KOLKATA – Only about one in four Indians in the university-going age group is enrolled in a higher education programme. Driving up this number has long been a government priority but numerous hurdles that prevent access to higher education, including socio-economic disparities as well as an inadequate number of institutes in rural areas, have held back progress.
In a renewed effort, the government has now proposed the creation of virtual universities to drive up the gross enrolment ratio (GER) in higher education from the current rate of around 26 per cent for those aged between 18 and 23.
The National Education Policy, which was adopted last year, has specified a GER target of 50 per cent by 2035. The GER in China and Brazil in higher education is more than 50 per cent.
A government media release on Jan 29, quoting the country’s Education Minister Ramesh Pokhriyal Nishank, said the government will soon establish virtual universities to achieve the desired GER target.
These institutions, it added, will be different from existing open universities that mostly combine remote self-learning with audiovisual support, physical coursework-related counselling and exams that are conducted offline. It is expected that the proposed virtual universities will have a greater reliance on virtual learning and online exams.
This move comes at a time when online education has received a fillip because of the pandemic despite encompassing challenges – such as poor access to smartphones or laptops and patchy Internet connectivity – that have limited its reach.
A survey by the Azim Premji University released in September last year found that almost 60 per cent of students surveyed in schools across 26 districts in five states could not access online learning opportunities.
While the Ministry of Education did not respond to a request for comment, a report in The Telegraph newspaper, quoting an unnamed ministry official, said students enrolled at the proposed virtual institutions will receive study material online, including video lectures, and can clarify doubts through chats or e-mail. Examinations will also be held online.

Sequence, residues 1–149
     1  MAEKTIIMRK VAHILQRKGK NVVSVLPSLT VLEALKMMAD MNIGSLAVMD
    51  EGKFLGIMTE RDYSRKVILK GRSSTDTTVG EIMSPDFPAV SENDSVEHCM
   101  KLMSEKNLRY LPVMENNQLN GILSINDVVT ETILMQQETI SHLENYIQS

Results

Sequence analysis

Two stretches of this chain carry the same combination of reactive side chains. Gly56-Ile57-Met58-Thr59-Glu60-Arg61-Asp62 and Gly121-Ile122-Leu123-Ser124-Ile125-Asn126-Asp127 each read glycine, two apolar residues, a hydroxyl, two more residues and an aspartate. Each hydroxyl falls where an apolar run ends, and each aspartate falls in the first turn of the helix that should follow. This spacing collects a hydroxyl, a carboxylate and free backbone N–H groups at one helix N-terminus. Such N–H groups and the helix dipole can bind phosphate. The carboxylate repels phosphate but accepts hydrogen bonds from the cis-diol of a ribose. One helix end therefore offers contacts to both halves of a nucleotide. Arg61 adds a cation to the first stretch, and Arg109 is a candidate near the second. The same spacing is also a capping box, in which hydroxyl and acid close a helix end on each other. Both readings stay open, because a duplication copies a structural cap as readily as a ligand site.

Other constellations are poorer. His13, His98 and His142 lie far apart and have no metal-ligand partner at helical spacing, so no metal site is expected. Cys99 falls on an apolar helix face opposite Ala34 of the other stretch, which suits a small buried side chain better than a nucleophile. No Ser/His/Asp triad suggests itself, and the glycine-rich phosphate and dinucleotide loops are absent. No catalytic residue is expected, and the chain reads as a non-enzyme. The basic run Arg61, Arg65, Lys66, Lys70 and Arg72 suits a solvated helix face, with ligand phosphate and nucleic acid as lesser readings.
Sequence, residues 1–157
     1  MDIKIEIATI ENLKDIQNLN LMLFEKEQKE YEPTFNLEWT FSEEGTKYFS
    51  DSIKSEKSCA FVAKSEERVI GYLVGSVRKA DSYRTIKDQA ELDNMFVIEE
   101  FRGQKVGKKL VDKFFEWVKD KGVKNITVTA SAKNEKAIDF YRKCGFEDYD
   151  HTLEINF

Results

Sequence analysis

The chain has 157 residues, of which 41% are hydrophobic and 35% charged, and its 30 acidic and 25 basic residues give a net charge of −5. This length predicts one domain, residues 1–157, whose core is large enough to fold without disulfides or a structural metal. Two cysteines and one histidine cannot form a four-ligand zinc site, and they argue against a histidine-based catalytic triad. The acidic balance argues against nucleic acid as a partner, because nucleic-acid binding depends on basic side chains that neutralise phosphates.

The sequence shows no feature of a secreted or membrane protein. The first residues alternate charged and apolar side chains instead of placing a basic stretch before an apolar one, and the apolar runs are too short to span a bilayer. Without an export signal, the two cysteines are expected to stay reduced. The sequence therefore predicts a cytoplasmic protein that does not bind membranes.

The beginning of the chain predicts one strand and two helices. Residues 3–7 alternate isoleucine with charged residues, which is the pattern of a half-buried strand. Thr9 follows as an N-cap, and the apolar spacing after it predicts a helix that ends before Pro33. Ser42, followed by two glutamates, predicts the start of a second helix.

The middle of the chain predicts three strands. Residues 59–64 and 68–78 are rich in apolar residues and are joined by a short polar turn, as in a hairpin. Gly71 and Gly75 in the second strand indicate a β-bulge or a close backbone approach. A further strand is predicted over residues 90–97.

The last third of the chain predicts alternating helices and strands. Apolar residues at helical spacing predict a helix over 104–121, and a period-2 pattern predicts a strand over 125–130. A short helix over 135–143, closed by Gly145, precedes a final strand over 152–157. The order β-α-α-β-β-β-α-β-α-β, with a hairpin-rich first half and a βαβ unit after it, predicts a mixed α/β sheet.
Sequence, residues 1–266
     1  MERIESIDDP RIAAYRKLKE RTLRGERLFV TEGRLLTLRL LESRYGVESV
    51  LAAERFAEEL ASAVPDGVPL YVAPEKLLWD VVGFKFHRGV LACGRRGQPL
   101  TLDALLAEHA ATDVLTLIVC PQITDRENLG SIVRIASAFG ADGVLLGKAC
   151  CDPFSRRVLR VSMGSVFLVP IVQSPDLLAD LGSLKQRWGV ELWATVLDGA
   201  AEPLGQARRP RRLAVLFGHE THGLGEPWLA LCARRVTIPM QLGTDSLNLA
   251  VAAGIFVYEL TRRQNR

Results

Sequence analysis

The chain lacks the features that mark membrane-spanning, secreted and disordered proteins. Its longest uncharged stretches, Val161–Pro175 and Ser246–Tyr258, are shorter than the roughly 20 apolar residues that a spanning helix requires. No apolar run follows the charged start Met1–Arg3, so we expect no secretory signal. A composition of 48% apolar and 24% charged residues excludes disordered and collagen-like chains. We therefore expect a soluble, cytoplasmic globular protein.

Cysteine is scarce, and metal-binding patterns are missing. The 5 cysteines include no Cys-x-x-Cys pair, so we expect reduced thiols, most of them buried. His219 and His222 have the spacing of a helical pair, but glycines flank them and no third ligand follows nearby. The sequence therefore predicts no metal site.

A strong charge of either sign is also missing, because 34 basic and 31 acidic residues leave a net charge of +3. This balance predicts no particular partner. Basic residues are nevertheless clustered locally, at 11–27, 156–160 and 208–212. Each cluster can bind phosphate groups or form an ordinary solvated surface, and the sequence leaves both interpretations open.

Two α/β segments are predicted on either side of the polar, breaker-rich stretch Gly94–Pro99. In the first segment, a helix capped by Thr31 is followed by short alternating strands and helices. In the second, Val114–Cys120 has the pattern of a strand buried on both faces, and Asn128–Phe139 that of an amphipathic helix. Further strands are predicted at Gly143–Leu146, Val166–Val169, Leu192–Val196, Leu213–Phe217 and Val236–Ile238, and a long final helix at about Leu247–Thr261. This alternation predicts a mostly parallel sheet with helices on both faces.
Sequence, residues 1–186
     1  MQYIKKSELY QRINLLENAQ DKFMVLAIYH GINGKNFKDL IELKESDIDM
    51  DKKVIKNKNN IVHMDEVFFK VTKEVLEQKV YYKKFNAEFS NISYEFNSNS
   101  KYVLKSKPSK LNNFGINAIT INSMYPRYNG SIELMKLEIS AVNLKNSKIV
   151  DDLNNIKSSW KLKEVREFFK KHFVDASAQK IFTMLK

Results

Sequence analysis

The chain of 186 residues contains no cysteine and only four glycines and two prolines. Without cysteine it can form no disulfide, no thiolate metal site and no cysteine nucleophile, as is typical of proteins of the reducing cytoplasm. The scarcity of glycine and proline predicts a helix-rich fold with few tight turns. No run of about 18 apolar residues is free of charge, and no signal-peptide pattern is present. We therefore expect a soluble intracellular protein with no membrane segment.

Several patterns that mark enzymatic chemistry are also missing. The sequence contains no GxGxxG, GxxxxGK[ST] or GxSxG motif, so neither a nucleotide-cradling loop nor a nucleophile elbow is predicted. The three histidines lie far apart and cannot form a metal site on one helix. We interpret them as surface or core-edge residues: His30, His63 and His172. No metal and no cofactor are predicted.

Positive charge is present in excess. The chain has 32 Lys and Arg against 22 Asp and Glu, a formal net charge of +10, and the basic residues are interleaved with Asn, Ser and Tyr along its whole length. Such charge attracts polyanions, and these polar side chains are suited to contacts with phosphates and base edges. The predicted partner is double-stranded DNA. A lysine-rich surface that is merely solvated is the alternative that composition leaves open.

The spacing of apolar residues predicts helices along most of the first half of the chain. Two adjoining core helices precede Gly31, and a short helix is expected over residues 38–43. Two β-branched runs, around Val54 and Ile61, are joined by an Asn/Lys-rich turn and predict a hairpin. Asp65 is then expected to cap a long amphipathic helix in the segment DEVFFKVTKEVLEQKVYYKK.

These universities would offer courses that do not require laboratory experiments, it added.
But experts have cautioned against an over-reliance on a virtual model that, while driving up GER, could compromise the quality of learning and even yield poor course completion rates.
Professor M Aslam, former vice-chancellor of the Indira Gandhi National Open University (IGNOU), which offers open and distance learning (ODL) programmes, said digital learning is meant to supplement classroom teaching but not replace it.
He said the government’s focus should instead be on further expanding the existing network of open universities in the country and supporting them to offer quality programmes.
An ideal ODL programme, he added, requires quality self-learning material that is “self-motivating and self-explanatory”, reinforced by good audiovisual support and dedicated face-to-face counselling for students.
“But IGNOU and its network of open universities have not received the adequate attention they deserve. These institutions themselves have also not introspected on what makes for quality open and distance education intervention,” Prof Aslam told The Straits Times.
“We should be conceptually clear on what constitutes an ideal ODL learning programme and not run after numbers.”
Completion rates in online programmes are also a potential problem. In a 2019 study, academics at the Massachusetts Institute of Technology found that online courses offered on edX, a platform co-created with Harvard, had a high dropout rate of more than 90 per cent on average over five years.
In India, distance enrolment constitutes about 10.62 per cent of the total enrolment in higher education.
Only around 20 per cent of those enrolled from marginalised communities, officially categorised as Scheduled Caste and Scheduled Tribes – population groups with GER lower than the national average in higher education – successfully completed their ODL courses.
Dr Pushkar (who uses just one name), the director of The International Centre Goa and a commentator on India’s higher education sector, said students dropping out of online programmes because of a lack of motivation is a concern that must be addressed.
“Online education is a very lonely business and this motivation (required to see oneself through a course successfully) comes from your peers, not just your parents or family. How many will be able to build it within themselves?” he told ST.
“I, therefore, feel some combination of classroom and virtual learning can work possibly over the long term, but a fully virtual mode is neither a fair nor a practical proposal,” Dr Pushkar added.
Courtesy: Straits Times